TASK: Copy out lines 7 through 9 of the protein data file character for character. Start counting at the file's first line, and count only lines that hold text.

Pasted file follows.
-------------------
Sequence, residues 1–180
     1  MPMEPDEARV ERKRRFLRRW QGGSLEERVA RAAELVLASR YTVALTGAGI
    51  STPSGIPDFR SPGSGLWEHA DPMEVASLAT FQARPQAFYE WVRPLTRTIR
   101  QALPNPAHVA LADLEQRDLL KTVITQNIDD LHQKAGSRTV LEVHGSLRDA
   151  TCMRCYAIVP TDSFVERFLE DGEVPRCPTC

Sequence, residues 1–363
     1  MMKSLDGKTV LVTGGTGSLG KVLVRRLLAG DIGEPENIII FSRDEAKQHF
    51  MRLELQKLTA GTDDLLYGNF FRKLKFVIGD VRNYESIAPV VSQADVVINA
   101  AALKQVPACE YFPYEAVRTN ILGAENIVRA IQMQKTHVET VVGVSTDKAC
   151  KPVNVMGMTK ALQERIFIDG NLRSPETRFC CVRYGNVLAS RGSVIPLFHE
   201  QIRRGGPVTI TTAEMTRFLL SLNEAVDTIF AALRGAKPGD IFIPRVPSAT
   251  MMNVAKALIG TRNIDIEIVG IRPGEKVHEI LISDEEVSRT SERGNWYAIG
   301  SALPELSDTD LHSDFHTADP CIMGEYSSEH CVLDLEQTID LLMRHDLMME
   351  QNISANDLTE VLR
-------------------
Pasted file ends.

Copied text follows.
     1  MMKSLDGKTV LVTGGTGSLG KVLVRRLLAG DIGEPENIII FSRDEAKQHF
    51  MRLELQKLTA GTDDLLYGNF FRKLKFVIGD VRNYESIAPV VSQADVVINA
   101  AALKQVPACE YFPYEAVRTN ILGAENIVRA IQMQKTHVET VVGVSTDKAC